Drug regulators, industry body to conduct workshops on manufacturing norms
Mumbai: At a time when the Indian pharmaceutical sector is drawing flak for non-adherence to quality norms, drug regulators and the industry association have come together to educate companies about improving their standards to meet global requirements.
Regulators like the US Food and Drug Administration’s (US FDA) India office, the UK Medicines and Healthcare Products Regulatory Agency (UK MHRA), the European Medicines Agency (EMA) and India’s Central Drugs Standard Control Organisation (CDSCO) along with industry lobby group Indian Pharmaceutical Alliance (IPA) will conduct workshops on good manufacturing practices (GMP).
These two-day Advanced GMP workshops will be conducted in Chandigarh, Ahmedabad, Goa and Hyderabad between 6 and 17 November, IPA said in release on Friday. This is the second such series of workshops. The first was conducted in 2014.
The workshops are for supervisory and middle-level managers in manufacturing, quality control and regulatory functions in companies and nominees from CDSCO.
The topics covered will include data reliability, regulatory expectations, data quality and integrity investigation in laboratories, manufacturing and documentation practices, data integrity issues in inspections, risk-based approach to investigations, and data validation.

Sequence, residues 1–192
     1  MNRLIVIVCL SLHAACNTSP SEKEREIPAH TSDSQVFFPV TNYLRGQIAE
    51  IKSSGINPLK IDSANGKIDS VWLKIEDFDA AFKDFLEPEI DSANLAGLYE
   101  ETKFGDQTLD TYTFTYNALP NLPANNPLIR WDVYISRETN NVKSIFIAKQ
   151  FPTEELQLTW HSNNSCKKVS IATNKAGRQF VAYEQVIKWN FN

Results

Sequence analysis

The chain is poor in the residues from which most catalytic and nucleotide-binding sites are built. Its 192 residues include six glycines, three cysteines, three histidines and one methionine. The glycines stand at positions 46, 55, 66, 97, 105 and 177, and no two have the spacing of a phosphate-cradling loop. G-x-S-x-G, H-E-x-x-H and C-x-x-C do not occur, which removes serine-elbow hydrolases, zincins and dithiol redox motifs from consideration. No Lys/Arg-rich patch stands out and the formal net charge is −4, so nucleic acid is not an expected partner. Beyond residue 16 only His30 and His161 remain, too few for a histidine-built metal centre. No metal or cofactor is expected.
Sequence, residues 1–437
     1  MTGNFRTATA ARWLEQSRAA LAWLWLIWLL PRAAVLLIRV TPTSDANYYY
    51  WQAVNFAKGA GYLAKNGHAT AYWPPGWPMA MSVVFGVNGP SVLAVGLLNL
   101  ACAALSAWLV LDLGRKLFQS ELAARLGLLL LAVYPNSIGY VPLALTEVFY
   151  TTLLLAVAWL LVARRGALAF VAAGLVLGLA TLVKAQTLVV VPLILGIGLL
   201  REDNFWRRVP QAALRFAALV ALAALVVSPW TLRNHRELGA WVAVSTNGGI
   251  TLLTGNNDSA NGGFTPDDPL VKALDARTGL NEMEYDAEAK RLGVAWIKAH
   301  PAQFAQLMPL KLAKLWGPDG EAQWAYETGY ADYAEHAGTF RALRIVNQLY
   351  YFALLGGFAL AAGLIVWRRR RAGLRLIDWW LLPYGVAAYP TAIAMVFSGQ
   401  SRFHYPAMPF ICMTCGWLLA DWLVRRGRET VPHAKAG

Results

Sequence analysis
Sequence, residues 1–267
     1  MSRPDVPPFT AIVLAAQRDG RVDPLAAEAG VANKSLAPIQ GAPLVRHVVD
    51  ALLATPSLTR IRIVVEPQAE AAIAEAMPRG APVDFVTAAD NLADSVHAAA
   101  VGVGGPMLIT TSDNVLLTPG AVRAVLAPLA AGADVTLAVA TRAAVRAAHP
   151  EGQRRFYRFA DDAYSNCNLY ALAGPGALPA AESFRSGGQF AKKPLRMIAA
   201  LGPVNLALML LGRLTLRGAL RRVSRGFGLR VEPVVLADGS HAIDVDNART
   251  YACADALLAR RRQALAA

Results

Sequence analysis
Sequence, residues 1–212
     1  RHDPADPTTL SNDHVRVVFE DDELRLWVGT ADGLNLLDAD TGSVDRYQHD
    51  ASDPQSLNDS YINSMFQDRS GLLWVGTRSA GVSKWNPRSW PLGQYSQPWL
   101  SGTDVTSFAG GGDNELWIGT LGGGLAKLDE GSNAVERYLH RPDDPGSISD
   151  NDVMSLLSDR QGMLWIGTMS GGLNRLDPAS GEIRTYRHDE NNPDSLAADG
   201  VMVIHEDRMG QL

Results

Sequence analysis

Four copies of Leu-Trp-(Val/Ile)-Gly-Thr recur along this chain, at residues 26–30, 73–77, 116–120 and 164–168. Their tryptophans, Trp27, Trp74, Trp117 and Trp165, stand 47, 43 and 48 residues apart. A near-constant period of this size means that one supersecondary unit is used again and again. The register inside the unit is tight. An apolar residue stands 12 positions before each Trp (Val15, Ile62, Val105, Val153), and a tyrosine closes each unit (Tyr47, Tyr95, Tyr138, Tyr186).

Over the last seven to eight years, many big and small Indian companies have been pulled up by global regulators, particularly the US FDA, for violation of current good manufacturing practices.
Sun Pharmaceutical Industries Ltd, Dr Reddy’s Laboratories Ltd, Wockhardt Ltd, Ipca Laboratories Ltd, and Divi’s Laboratories Ltd are among the companies that are currently facing quality compliance issues with US FDA. These issues have eroded earnings of the companies as product approvals in the US have been halted or delayed due to regulatory troubles.
The US is the biggest market for many Indian pharma companies and hence improving quality standards has become imperative to sustain growth.
Data unreliability, non-adherence to standard operating procedures, batch failures, contamination, and insufficient investigation of problems are some of the major non-compliance issues observed at Indian manufacturing facilities.
While companies have taken steps such as automation of processes in manufacturing units and laboratories to reduce human error and maintain data integrity, more needs to be done.